The concept of the key innovation has been central to discussions of specialization and adaptive radiation in herbivorous insects. Rarely, however, have key innovations been defined mechanistically; typically, a key innovation is described broadly as a complex suite of traits (e.g., the ability to feed on angiosperm plants). Identifying the molecular genetic basis for individual traits that collectively characterize such key innovations can be useful in determining whether all species within a lineage share a particular key innovation or whether convergent innovations have evolved independently. Within the genus Papilio, the ability to feed on a furanocoumarin-containing plant has been identified as a key innovation; over 75% of the species in the genus are associated to some degree with plants containing furanocoumarins. In this group, furanocoumarin metabolism is effected by cytochrome P450 monooxygenases, heme-bound proteins known in many organisms to play a role in xenobiotic detoxification. Although furanocoumarin-metabolizing P450s in two species of Papilio do not share high levels of identity overall, conserved elements can be found; in particular, levels of amino acid identity in a putative substrate recognition site are very high. This conservation of amino acid identity contrasts sharply with reportedly high levels of diversification in substrate recognition sites observed in comparisons of proteins within species or between species that do not share a narrow range of host plants. Specialization on a particular group of host plants and subsequent diversification on those hosts may necessitate conservation of function in these regions, which may thus be considered key innovations in a lineage.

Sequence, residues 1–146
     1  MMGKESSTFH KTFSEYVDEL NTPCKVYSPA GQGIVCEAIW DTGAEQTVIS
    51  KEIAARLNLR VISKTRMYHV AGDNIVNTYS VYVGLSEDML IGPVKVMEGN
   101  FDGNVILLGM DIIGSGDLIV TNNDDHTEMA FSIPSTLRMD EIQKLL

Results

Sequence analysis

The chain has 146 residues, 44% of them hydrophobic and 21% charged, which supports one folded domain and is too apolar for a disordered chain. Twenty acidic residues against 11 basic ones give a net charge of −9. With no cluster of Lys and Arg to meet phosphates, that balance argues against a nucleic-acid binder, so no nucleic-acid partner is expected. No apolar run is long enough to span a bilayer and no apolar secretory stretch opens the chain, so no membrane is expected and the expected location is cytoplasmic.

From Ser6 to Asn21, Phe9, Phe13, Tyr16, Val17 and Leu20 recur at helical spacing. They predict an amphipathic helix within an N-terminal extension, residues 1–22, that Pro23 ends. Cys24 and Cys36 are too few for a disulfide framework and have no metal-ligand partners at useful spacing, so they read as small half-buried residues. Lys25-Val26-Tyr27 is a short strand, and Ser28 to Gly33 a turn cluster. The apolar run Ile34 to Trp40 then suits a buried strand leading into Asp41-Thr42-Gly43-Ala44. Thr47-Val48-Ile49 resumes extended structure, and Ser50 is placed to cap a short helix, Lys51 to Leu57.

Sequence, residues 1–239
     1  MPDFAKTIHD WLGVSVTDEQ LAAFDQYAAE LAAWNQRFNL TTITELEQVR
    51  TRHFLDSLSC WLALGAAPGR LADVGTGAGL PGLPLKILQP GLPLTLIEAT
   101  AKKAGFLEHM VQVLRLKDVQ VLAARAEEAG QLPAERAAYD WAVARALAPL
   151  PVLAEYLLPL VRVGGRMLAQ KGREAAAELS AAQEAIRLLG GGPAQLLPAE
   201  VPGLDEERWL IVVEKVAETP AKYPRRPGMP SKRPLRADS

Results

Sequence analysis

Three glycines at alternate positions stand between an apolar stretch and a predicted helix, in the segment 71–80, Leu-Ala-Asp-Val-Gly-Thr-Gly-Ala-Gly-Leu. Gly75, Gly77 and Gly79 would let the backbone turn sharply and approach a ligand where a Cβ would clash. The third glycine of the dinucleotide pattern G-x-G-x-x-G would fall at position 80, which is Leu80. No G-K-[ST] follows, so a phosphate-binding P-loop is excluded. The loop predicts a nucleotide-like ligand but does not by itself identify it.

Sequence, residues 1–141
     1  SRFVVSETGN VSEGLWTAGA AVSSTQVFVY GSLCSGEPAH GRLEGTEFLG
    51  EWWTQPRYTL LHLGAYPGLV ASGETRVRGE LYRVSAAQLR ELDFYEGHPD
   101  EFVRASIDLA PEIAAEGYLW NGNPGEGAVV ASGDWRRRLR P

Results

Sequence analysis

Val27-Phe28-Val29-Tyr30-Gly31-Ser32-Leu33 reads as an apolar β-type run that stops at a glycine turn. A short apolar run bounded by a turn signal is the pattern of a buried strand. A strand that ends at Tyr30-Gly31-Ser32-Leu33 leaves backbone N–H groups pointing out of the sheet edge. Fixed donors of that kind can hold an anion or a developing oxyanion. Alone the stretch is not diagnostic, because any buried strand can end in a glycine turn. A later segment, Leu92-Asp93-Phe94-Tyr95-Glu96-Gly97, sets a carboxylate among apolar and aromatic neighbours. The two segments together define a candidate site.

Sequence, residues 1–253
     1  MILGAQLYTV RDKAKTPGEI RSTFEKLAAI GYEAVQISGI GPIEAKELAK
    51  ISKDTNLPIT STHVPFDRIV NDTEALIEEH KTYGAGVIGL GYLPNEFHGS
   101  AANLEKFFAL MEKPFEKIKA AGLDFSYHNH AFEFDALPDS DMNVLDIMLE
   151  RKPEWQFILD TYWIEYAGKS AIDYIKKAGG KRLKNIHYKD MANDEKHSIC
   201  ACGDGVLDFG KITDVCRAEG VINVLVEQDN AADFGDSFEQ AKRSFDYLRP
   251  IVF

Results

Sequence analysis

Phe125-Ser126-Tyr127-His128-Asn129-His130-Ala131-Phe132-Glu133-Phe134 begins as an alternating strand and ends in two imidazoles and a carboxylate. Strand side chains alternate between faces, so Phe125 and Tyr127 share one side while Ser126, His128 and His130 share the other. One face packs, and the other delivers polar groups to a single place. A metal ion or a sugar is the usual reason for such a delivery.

ASJC Scopus subject areas
- Ecology, Evolution, Behavior and Systematics